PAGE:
--explain to the validation command. This solution has many advantages:
- It makes the output concise and easy to read by humans and is mostly already self-explanatory
- Machines can parse the tags easily and identify which issue was emitted, which is very helpful for AppStream’s own testsuite but also for any tool wanting to parse the output
- We can now have translators translate the explanatory texts
Initially, I didn’t want to have the validator return translated output, as that may be less helpful and harder to search the web for. But now, with the untranslated issue tags and much longer and better explanatory texts, it makes sense to trust the translators to translate the technical explanations well.
Of course, this change broke any tool that was parsing the old output. I had an old request by people to have
appstreamcli return machine-readable validator output, so they could integrate it better with preexisting CI pipelines and issue reporting software. Therefore, the tool can now return structured, machine-readable output in the YAML format if you pass
--format=yaml to it. That output is guaranteed to be stable and can be parsed by any CI machinery that a project already has running. If needed, other output formats could be added in future, but for now YAML is the only one and people generally seem to be happy with it.
Create desktop-entry files from Metainfo
(Since v0.12.9) As you may have noticed, an AppStream Metainfo file contains some information that a desktop-entry file also contains. Yet, the two file formats serve very different purposes: A desktop file is basically launch instructions for an application, with some information about how it is displayed. A Metainfo file is mostly display information and less to none launch instructions. Admittedly though, there is quite a bit of overlap which may make it useful for some projects to simply generate a desktop-entry file from a Metainfo file. This may not work for all projects, most notably ones where multiple desktop-entry files exists for just one AppStream component. But for the simplest and most common of cases, a direct mapping between Metainfo and desktop-entry file, this option is viable.
appstreamcli tool permits this now, using the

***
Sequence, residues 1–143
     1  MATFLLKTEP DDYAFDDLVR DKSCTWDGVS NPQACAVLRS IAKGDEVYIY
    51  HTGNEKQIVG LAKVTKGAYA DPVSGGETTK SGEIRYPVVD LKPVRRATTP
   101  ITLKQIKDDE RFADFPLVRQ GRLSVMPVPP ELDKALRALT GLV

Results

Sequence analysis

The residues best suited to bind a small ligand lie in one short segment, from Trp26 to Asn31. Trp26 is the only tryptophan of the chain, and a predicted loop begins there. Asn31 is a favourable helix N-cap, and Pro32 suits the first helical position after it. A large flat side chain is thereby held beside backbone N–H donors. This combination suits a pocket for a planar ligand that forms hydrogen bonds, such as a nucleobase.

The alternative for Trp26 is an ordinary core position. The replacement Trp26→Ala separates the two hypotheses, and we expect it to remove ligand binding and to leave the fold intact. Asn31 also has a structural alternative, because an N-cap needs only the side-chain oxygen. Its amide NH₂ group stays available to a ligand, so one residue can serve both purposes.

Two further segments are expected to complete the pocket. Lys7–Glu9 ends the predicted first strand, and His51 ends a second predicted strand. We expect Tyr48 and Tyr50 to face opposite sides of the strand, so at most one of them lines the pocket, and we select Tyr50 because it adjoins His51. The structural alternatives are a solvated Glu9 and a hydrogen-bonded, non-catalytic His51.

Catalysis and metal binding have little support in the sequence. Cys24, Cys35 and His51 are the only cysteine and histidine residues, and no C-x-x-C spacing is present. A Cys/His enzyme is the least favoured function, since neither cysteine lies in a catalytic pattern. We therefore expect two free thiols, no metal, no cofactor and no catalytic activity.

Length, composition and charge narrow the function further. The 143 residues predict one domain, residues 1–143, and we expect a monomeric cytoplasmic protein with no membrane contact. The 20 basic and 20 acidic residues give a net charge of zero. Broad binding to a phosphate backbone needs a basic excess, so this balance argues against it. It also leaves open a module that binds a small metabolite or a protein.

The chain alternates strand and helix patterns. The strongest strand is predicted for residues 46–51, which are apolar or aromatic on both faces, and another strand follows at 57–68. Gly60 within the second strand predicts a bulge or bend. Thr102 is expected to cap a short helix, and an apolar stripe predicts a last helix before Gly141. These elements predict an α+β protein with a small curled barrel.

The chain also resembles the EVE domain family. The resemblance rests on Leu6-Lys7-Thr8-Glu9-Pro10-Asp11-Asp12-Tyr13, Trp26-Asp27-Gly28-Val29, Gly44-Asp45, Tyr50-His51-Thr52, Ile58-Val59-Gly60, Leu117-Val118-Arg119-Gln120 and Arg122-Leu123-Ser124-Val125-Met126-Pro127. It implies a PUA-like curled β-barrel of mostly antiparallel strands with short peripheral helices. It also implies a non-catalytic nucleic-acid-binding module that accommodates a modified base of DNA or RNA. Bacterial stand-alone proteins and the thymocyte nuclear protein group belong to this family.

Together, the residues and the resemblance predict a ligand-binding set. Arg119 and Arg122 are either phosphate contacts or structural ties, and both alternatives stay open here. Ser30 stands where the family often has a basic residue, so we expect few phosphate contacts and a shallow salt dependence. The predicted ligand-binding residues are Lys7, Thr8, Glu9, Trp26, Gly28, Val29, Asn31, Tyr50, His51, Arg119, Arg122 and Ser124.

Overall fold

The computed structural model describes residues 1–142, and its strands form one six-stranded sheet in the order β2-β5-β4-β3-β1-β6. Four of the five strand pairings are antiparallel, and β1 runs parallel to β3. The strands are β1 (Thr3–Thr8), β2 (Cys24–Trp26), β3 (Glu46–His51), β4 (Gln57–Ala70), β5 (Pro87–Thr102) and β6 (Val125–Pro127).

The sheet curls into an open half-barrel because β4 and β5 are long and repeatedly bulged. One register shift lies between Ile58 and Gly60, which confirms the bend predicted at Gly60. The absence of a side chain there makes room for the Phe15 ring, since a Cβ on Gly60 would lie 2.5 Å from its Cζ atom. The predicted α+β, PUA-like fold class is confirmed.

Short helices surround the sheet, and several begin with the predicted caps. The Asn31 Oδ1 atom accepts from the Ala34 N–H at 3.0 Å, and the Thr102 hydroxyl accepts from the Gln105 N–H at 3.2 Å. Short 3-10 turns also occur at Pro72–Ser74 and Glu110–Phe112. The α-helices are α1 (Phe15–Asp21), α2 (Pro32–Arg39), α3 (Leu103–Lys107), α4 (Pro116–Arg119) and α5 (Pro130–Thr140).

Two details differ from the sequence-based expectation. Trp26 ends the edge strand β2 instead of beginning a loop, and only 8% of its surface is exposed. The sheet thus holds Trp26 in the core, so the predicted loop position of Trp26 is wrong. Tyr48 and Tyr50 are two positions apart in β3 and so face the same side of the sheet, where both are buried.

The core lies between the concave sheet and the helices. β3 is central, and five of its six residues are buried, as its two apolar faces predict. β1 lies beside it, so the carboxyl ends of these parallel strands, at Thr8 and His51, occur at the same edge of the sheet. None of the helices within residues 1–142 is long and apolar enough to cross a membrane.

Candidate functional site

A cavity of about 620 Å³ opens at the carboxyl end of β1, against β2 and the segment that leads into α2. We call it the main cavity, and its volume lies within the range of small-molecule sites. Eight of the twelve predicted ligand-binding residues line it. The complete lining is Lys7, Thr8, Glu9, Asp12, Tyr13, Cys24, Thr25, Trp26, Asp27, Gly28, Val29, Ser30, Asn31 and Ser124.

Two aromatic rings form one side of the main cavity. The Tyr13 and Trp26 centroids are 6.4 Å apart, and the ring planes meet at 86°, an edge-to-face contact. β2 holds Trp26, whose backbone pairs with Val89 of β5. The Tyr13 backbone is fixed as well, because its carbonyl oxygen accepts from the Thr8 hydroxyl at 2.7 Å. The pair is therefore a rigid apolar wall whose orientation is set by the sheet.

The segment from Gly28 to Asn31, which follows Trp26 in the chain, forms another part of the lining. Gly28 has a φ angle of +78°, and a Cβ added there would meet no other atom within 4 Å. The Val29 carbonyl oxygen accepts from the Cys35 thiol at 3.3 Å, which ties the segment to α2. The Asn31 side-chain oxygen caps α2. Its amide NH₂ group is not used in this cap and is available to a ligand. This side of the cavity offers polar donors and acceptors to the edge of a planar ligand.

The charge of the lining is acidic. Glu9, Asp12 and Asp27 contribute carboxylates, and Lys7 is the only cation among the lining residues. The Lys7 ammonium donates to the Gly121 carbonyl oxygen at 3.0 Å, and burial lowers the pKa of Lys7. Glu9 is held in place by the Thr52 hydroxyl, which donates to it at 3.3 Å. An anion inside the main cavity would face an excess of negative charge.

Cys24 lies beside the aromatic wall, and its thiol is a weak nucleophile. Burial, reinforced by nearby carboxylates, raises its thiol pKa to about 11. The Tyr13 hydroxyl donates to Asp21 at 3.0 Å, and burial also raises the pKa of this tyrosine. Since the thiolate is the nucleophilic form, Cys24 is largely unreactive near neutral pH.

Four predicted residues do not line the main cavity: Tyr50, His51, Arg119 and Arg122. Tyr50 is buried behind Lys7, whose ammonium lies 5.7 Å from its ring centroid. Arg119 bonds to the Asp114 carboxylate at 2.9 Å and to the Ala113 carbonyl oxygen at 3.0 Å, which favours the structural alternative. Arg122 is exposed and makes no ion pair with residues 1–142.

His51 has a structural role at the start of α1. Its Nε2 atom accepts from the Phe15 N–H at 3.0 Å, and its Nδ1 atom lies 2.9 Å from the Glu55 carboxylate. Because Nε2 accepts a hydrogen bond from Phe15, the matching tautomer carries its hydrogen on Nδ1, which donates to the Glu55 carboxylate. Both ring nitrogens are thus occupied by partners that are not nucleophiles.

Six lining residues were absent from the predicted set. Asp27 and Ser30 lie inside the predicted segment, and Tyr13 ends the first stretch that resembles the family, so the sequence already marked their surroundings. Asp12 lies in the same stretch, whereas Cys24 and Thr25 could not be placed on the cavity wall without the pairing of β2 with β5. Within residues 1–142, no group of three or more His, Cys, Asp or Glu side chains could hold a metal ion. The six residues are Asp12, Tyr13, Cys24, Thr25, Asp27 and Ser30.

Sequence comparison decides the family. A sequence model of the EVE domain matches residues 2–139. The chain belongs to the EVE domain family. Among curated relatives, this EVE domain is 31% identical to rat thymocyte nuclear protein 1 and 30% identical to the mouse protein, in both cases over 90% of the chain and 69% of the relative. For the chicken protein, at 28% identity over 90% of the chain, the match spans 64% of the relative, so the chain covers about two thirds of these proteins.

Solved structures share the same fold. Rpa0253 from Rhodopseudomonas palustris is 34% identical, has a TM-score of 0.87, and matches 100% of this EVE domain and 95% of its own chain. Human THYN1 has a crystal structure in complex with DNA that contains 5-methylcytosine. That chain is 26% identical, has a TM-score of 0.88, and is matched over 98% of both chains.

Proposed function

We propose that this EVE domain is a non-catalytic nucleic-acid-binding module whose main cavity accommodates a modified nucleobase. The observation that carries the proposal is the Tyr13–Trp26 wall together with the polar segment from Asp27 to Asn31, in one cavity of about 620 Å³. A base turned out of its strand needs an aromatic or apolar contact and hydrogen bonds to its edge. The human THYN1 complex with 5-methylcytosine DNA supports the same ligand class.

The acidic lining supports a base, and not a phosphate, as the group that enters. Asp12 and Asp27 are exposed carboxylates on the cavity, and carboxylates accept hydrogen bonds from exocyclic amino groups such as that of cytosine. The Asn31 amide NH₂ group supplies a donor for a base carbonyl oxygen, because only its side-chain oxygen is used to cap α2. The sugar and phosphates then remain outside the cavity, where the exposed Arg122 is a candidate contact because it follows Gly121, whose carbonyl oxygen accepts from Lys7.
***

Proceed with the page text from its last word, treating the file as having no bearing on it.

appstreamcli make-desktop-file subcommand. It just needs a Metainfo file as first parameter, and a desktop-entry output file as second parameter. If the desktop-entry file already exists, it will be extended with the new data from tbe Metainfo file. For the
Exec field in a desktop-entry file,
appstreamcli will read the first
binary entry in a
provides tag, or use an explicitly provided line passed via the
Please take a look at the appstreamcli(1) manual page for more information on how to use this useful feature.
Convert NEWS files to Metainfo and vice versa
(Since v0.12.9) Writing the XML for release entries in Metainfo files can sometimes be a bit tedious. To make this easier and to integrate better with existing workflows, two new subcommands for
appstreamcli are now available:
metainfo-to-news. They permit converting a NEWS textfile to Metainfo XML and vice versa, and can be integrated with an application’s build process. Take a look at AppStream itself on how it uses that feature.
In addition to generating the NEWS output or reading it, there is also a second YAML-based option available. Since YAML is a structured format, more of the features of AppStream release metadata are available in the format, such as marking development releases as such. You can use the
--format flag to switch the output (or input) format to YAML.
Please take a look at the appstreamcli(1) manual page for a bit more information on how to use this feature in your project.
Support for recent SPDX syntax
(Since v0.12.10) This has been a pain point for quite a while: SPDX is a project supported by the Linux Foundation to (mainly) provide a unified syntax to identify licenses for Open Source projects. They did change the license syntax twice in incompatible ways though, and AppStream already implemented a previous versions, so we could not simply jump to the latest version without supporting the old one.
With the latest release of AppStream though, the software should transparently convert between the different version identifiers and also support the most recent SPDX license expressions, including the WITH operator for license exceptions. Please report any issues if you see them!
First of all, congratulations for reading this far into the blog post! I hope you liked the new features! In case you skipped here, welcome to one of the most interesting sections of this blog post! 😉
So, what is next for AppStream? The 1.0 release, of course! The project is certainly mature enough to warrant that, and originally I wanted to get the 1.0 release out of the door this February, but it doesn’t look like that date is still realistic. But what does “1.0” actually mean for AppStream? Well, here is a list of the intended changes: